Being a huge baseball fan, I’m also a huge fan of baseball movies. Here are some great flicks. Angels in the Outfield, The Rookie, The Sandlot, A League of Their Own, Eight Men Out, Pride of the Yankees (I hate the Yankees, so this is saying something. Gehrig was just that awesome). Those don’t even crack my top five.
5. The Natural
Starring Robert Redford, The Natural is considered a classic by many. Redford plays Roy Hobbs, a player with a hazy past who, when he starts playing for the New York Knights, becomes an immediate star. Mystery surrounds him and his bat Wonder Boy, which he made himself from a tree that was struck by lightning. People try to uncover the truth behind Hobbs while waiting for him to finally fail. The end is classic, as Hobbs beats the odds after his lucky bat breaks and still manages to hit a game winning bomb that shatters the lights. Maybe that’s a little too cliché, but who the hell doesn't want to see a massive tater knock out power to the entire stadium?
4. Major League
Absolutely hilarious. Period. An ex-exotic dancer takes over as the owner of the Indians, and if they do badly enough she can move them to Florida (which is clearly warmer and a better location than Cleveland, OH). She tries to make the Indians into the worst team possible by holding open tryouts and inviting baseball misfits. Most of the players have problems of some sort. Their third basemen cares more about money than playing, their catcher probably should be retired, their center fielder can’t hit (but he can run), and the pitcher with the best arm on the team has anger issues and can’t really see until the manager realizes that he needs glasses. They eventually start to play well with the goal of making their owners plan blow up in her face and that leads them to a great season. Definitely check out the Wild Thing theme song, it gives a hint of how bizarre (and AWESOME) the movie can get.
The Top Three: The Costner Classics
3. Field of Dreams
If you don’t like this movie you can’t be considered a real baseball fan. The classic line “If you build it, he will come,” leads to baseball players (specifically the 1919 Black Sox) materializing out of a cornfield and Costner’s character driving across the country in order to “kidnap” a famous writer from the 1960s and to find a doctor who didn’t quite get his chance in the Big Leagues. Every time you watch Field of Dreams, there is the possibility that you’ll catch something new that you didn’t notice before. Total classic. If you don’t like it, you should keep your opinion to yourself.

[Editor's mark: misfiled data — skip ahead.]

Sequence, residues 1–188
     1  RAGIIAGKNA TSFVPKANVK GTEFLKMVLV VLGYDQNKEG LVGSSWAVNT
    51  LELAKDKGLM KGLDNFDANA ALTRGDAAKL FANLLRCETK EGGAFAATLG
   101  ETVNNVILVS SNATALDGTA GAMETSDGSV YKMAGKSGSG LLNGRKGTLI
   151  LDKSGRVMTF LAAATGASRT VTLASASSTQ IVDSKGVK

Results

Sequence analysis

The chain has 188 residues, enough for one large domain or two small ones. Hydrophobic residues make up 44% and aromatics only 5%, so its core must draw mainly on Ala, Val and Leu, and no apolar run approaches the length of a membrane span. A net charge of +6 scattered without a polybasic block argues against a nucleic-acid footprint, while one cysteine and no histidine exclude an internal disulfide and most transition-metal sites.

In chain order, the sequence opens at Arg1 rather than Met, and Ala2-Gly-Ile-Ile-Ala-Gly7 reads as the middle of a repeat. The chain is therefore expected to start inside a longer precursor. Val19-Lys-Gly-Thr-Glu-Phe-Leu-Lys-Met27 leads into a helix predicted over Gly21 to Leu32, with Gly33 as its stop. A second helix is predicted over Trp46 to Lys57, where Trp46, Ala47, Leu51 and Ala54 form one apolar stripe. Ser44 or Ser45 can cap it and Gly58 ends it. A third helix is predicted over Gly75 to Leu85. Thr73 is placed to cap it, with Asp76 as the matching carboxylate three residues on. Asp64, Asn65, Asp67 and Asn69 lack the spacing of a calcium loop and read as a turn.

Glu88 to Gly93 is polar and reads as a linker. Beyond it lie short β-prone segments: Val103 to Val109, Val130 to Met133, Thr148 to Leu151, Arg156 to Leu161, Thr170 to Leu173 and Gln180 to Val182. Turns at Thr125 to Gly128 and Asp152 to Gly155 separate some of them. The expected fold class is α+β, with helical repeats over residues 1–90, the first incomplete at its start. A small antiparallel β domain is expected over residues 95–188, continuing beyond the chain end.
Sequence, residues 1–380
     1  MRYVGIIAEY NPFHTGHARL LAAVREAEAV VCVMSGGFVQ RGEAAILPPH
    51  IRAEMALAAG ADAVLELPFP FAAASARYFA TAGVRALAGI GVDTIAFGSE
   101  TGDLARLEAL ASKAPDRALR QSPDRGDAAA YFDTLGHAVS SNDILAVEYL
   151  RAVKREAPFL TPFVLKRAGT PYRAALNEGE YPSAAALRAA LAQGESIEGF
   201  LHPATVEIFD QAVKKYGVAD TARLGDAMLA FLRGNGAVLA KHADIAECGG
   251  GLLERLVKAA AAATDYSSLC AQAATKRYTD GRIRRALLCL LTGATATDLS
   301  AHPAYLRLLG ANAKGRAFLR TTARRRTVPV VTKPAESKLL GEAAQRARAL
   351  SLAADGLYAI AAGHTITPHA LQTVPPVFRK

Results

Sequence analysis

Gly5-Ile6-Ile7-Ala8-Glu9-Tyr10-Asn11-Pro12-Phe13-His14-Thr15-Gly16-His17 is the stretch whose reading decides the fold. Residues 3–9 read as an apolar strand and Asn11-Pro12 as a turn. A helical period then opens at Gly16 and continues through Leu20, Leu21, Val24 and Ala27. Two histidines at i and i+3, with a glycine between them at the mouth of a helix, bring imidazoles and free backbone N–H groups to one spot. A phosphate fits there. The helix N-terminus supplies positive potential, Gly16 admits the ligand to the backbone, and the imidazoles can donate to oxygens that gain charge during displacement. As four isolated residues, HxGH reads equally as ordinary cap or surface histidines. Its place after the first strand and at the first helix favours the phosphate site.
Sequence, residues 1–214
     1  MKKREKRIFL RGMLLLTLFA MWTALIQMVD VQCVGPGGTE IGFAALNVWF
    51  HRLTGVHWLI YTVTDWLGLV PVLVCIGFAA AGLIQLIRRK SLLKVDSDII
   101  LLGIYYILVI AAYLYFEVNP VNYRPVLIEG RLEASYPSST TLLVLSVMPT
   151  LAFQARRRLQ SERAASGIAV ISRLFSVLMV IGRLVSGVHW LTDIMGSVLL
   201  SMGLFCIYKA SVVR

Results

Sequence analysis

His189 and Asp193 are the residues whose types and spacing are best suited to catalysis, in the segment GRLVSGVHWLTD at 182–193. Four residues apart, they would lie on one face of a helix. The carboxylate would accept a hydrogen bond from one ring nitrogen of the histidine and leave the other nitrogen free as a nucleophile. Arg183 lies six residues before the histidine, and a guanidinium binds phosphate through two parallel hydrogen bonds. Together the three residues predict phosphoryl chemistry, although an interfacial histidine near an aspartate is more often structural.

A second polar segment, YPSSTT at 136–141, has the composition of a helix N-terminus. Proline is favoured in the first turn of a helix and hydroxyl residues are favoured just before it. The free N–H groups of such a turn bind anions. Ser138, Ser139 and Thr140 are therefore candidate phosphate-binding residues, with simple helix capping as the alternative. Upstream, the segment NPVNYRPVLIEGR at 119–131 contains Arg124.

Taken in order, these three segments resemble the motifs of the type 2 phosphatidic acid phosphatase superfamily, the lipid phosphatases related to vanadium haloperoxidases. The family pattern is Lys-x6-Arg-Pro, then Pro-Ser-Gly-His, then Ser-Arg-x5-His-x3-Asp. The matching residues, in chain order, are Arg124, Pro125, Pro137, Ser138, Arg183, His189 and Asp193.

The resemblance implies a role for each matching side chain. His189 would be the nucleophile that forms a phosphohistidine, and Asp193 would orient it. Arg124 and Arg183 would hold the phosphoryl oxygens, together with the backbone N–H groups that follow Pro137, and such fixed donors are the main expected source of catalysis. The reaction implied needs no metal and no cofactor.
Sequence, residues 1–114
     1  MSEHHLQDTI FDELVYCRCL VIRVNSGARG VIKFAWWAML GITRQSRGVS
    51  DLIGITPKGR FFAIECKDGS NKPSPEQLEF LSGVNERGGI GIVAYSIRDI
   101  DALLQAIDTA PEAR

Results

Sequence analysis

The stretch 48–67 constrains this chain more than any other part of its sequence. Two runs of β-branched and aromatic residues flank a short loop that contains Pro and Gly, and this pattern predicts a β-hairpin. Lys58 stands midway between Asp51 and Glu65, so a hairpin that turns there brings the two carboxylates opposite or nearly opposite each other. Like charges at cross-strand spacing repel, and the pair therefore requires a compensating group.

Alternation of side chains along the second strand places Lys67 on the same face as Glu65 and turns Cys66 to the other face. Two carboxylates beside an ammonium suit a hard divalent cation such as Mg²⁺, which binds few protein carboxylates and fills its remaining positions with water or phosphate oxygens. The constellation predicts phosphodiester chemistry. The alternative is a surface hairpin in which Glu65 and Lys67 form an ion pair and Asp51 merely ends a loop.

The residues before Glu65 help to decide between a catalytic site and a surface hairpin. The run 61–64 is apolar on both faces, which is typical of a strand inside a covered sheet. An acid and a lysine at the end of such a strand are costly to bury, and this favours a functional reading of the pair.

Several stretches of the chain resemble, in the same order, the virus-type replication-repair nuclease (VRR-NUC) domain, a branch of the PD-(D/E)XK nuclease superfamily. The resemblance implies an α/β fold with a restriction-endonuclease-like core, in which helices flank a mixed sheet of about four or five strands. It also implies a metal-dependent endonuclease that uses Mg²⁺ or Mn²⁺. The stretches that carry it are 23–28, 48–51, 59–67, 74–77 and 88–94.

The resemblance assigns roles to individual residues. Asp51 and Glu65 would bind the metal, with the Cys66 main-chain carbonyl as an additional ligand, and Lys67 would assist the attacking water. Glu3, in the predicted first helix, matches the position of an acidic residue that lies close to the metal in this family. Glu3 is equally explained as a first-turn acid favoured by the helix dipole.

2. For Love of the Game
This isn’t as well known as many other baseball movies, but for avid baseball fans, Costner strikes more gold. He plays Billy Chapel, an aging pitcher for the Tigers who gets one last chance to pitch at Yankee Stadium. He has to decide whether he wants to retire, as he finds out before the game that the current owner is selling the team and the new owners would trade him from the team for which he has played his whole career. His on-again, off-again girlfriend is leaving for London, and throughout the movie, which spans the length of that last game, he reminisces about his life and the choices he’s made. Great movie about life and the dedication to baseball. oh and I almost forgot, the last game is a perfect game. Not bad. In the words of the announcer at the end of the game… “this cathedral belongs to a chapel.” Definitely check it out.
1. Bull Durham
Last but not least, the best Costner Classic of all, Bull Durham. Costner, Tim Robbins and Susan Sarandon make this movie easily the best baseball movie of all time. Costner plays Crash Davis, a minor league veteran who is picked up by the Durham Bulls in order to teach Tim Robbin’s character “Nuke” LaLoosh the ropes of pro ball. Saradon plays the woman interest for both men, and makes life for both of them much more complicated. This is another absolutely hilarious baseball comedy and one that I can watch over and over again and still find enjoyable.
So there you have it. Let’s just say that Kevin Costner is hands down the king of baseball movies. Tip of the cap to you, Kev.